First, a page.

Iraq declares curfews as gunfights rage

first_imgFive people were killed on Wednesdayand more than 200 were wounded in renewed clashes nationwide, the largestdisplay of public anger against Abdul Mahdi’s year-old government. Two werekilled on Tuesday.(Reuters) Demonstrators disperse as Iraqi security forces use tear gas during a protest in Baghdad, Iraq on Oct. 2. REUTERS/THAIER AL-SUDANI BAGHDAD – Iraqi Prime Minister AdelAbdul Mahdi declared a curfew in Baghdad after at least seven people werekilled and over 400 were injured during two days of nationwide anti-governmentprotests.      center_img Curfews were imposed in Nassiriya,Amara and Hilla as protests began on Tuesday over unemployment, corruption andpoor public services while counter-terrorism troops opened fire on protesterswho were trying to storm Baghdad airport.last_img read more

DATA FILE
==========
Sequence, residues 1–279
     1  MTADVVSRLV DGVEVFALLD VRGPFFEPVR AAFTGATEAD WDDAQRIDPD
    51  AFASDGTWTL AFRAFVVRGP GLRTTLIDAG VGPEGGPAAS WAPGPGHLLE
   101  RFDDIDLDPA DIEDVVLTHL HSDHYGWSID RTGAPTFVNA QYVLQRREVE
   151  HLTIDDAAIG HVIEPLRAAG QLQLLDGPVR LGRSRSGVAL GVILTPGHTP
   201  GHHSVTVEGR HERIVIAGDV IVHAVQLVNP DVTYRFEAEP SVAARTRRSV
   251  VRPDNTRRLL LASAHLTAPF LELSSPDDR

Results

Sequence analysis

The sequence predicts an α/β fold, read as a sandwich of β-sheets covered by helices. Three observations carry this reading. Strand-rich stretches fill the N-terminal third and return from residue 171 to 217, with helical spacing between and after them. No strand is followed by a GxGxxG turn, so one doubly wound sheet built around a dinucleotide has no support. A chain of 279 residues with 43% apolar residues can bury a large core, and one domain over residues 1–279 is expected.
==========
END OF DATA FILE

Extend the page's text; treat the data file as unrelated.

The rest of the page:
UW Goaltenders wait their turn